The Athearn line of O scale kits, parts and trucks took a rambling trip over the decades. Some things, like Athearn's O scale steam loco drivers and their unique quartering set up were lost.  All the car kits moved on to Reynolds, Geo. Menzies, Pacific HO, Locomotive Workshop, Old Pullman and Box Car Jim. The kits died out in the early 2000's. Athearn's sprung  trucks took a similar but shorter route. 

Below are some Athearn kits I've built. The New Haven box car is from an early 1940 kit, produced when New Haven bought its first steel box cars when replacing its fleet of aging 36' wood body cars.  They were unique in having a 60 ton capacity rating when most other steel 40' boxcars were rated for 50 tons.  Athearn sides carried accurate car numbers, date and data for them.  Athearns kits and parts were also useful in creating other models as well, as seen below.

S.  Islander

 

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The last time I looked, Athearn still did the delrin (engineering Plastic) trucks.    They had 4 styles, Archbar, Andrews, Bettendorg, and roller bearings.    They were being sold built up for about 10 a pair.    At various times they have been sold as kits and 10 packs of kits.    It is the primary truck I use on kit built cars and any others that give me problems.    they are sprung with springs that allow a little equalization which makes them handle rough track better than the rigid trucks we see from a lot of mfgs.

I have had a few Athearn freight car kits and built up over the years.     They were very similar to the All Nation line in design and build process.     I don't know if they ever did any thing other than reefers and boxcars.

As for the wishlist of locos above, they have all been done, and some very recently and some very well.   the GE 44 tonner has been done in brass by Yoder, NJCB, and Sunset, and more than once in some cases.    The SW switchers in some forms have been done in brass over the years.    And Atlas O still does an SW8/9 in plastic/diecast with a great single motor drive.     Babbitt loco works did a 2-6-0 based on the All Nation stuff and of course All Nation/Varney did the 4-6-0 and a few other small locos, including a very nice 2-6-2 using a Cary Cast boiler.    Recently Atlas O tried a USRA 0-6-0 which is about as generic as you can get and still have a prototype.   It apparently was not a great seller.     Most of thse things show up at O scale shows new, slightly used, or Well used.    At the recent March Meet, I saw one of the 2-6-2 kits new in box, that priced  around 200.   

I don't think Athearn can see any products that would be a big entry to the market.

S. Islander posted:

Athearn O scale box car kits were produced by Irving Athearn in Los Angeles, beginning in the early 1940's. The 40' box car kit made by Athearn was accurate, understanding that a "40 box car" was actually 40' 6' long inside, and nearly 42' long outside.  The competing General Models /  All Nation box car kits built very much like an Athearn kit, was shorter, with a scale 40' exterior length.  Irv Athearn, like his contemporaries Wm. K.  Walthers and Gordon Varney, were O scale modelers and producers.  Varney was the one who introduced the O scale B&O 4-6-0 kit and the O scale Pullman 6 wheel trucks later made by All Nation.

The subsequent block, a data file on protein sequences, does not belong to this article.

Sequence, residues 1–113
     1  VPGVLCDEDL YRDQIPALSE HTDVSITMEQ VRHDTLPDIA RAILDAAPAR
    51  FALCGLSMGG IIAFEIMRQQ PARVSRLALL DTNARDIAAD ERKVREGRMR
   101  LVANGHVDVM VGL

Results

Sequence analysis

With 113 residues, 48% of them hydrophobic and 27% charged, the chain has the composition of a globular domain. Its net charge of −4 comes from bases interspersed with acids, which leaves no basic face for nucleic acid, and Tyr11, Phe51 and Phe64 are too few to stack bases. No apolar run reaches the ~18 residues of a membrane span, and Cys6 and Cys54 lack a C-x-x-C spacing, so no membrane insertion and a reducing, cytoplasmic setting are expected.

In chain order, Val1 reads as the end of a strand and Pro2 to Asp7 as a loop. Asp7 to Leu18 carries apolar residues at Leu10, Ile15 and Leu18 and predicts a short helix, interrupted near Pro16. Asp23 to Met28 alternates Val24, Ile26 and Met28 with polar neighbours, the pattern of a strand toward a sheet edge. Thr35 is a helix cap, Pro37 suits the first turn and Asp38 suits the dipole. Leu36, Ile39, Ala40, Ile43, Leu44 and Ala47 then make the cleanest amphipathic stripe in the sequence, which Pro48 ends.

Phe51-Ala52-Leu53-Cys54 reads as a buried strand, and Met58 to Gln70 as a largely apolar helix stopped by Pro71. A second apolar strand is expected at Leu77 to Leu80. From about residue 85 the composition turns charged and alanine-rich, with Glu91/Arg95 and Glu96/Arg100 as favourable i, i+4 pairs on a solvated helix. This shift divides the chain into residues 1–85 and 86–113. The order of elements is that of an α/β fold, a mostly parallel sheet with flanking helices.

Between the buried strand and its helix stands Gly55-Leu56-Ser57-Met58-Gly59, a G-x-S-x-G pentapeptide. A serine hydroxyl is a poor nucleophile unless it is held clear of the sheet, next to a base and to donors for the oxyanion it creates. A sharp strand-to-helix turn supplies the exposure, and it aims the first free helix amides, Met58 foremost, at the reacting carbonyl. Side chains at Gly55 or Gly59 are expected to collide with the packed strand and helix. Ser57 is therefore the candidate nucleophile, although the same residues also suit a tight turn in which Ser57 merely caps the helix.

Athearn's kits were made of wood and stamped tin plated steel scrap from can and bottle cap manufacturers. Sometimes small parts carried the paint and markings of Coca Cola or other products.  Athearn produced accurately done painted, silk screen lettered metal sides, and included a bottle of matching paint with the kit, along with trucks and usually Monarch couplers.   Early Athearn kits included stand offs for the side and end grab irons, a part that was no longer made after WW II.  When Athearn produced a kit to model B&O's  blue and silver "Sentinel" box cars, he had new dies made to press accurate ends for it.  Those ends are rare, and only made for the first run of those kits.

Later, Athearn added a 50' double door box car kit to the line and by 1949, took over production of the 40' steel side refrigerator car kit, first made by Model Master  Car  Works of Cedar Rapids IA in 1947. This model included eaves rivet detail, which the Athearn and General Models box car kits lacked. 

The Athearn line of O scale kits, parts and trucks took a rambling trip over the decades. Some things, like Athearn's O scale steam loco drivers and their unique quartering set up were lost.  All the car kits moved on to Reynolds, Geo. Menzies, Pacific HO, Locomotive Workshop, Old Pullman and Box Car Jim. The kits died out in the early 2000's. Athearn's sprung  trucks took a similar but shorter route. 

Below are some Athearn kits I've built. The New Haven box car is from an early 1940 kit, produced when New Haven bought its first steel box cars when replacing its fleet of aging 36' wood body cars.  They were unique in having a 60 ton capacity rating when most other steel 40' boxcars were rated for 50 tons.  Athearn sides carried accurate car numbers, date and data for them.  Athearns kits and parts were also useful in creating other models as well, as seen below.

S.  Islander

 

I may not be a steam era person but I really like the looks of these boxcars. They are 2 rail cars which makes them look better.

yeah.  Ask those folks who have tried to compete with the used market for their stuff.  You can buy decent Athearn box cars and kits for $15 each with trucks, sometimes metal trucks!  All day long.  It would take a huge investment to get rolling again, but no way could the price be near $15.

That said, there are spectacular plastic models available today in the $50 range, and all they need is scale trucks & couplers, and a little adjusting.  I doubt Athearn could compete with that.

Athearn has started producing highly-detailed N scale and HO scale models of the American Car & Foundry ACF CENTER FLOW 4600 cu ft, 3-bay covered hoppers. 

These specific covered hoppers were ordered in a large amounts in the 1970's and 1980's by railroads like the SOO LINE, Chicago & North Western, and The ROCK. 

It has been 55 years since the first versions of the 4600 cu ft covered hoppers were built by ACF, but there still has not been a mass produced, highly-detailed O scale model. 

I do need to get them in the Grand Trunk Western 1965 and 1973 body variations and paint schemes.

Andrew

S. Islander posted:

 

Athearn's kits were made of wood and stamped tin plated steel scrap from can and bottle cap manufacturers. Sometimes small parts carried the paint and markings of Coca Cola or other products.  

 

S.  Islander

 

Here you go, perfect example....

51225976_989267517946198_5740337663571918848_n51231891_989267487946201_6891834647785766912_n51337002_989267531279530_3945694774463299584_n